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The time it takes for us to complete the review process depends on a range of factors, including:

  • the number of applications we receive
  • the number of members available to conduct reviews
  • the type of decision under review
  • the strategies we have in place for dealing with different caseloads
  • the complexity of the review.

As outlined in previous Annual Reports, applications for reviews in the Migration and Refugee Division have more than doubled in recent years (see our Statistics). We have been unable to keep pace with the increased workload with the resources available to us. This has impacted on how long it takes us to complete reviews. 

The following table shows the time taken to finalise reviews in a recent six-month period. The two columns below represent the time in calendar days that 50% and 95% of cases were finalised within, in the specified period.

These statistics are a general guide only, and we cannot guarantee that we will finalise any individual review within these timeframes.


Processing times in calendar days for reviews finalised between 1/05/23 and 31/10/23

Case category

50% of cases finalised within (days)

95% of cases finalised within (days)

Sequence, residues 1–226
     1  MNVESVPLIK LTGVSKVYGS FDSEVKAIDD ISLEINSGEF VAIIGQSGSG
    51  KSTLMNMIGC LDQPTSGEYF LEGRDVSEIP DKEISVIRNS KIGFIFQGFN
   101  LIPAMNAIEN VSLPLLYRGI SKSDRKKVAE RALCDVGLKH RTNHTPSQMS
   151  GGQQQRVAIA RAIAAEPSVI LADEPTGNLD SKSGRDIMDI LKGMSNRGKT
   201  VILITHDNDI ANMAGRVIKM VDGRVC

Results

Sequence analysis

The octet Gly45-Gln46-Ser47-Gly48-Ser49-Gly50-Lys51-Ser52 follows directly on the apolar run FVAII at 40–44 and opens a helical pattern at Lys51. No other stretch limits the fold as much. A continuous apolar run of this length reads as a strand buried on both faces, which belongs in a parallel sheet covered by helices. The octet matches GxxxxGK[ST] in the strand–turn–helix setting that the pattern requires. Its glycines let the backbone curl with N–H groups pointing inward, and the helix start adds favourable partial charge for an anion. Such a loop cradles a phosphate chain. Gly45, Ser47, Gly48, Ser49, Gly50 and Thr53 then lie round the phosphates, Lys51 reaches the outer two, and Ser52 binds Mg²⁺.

Bridging 11 448
Family 899 1,657
Nomination/Sponsor approval 1,337 1,457
Partner 1,367 1,776
Permanent business 1,331 1,469
Skill linked 731 1,236
Student cancellation 378 578
Student refusal 443 587
Temporary work 1,186 1,418
Visitor 300 464
Other 560 1,265
Protection 1,618 2,190
Total for migration case categories 754 1,595
Total for protection case categories 1,618 2,190
Total 1,053 2,097


These figures do not include cases where the Tribunal found it did not have jurisdiction to review the decision or cases that were withdrawn. These are usually finalised more quickly than other reviews. 

Can the review be processed as a priority?

The President’s Direction on Prioritising Cases in Migration and Refugee Division sets out the circumstances in which cases are prioritised. You can ask us to process the review as a priority by writing to us, fully explaining your reasons and providing supporting evidence.

Additionally, the Migration and Refugee Practice Direction outlines the strategies we have in place for dealing with different caseloads, including what types of cases may be eligible for expedited processing.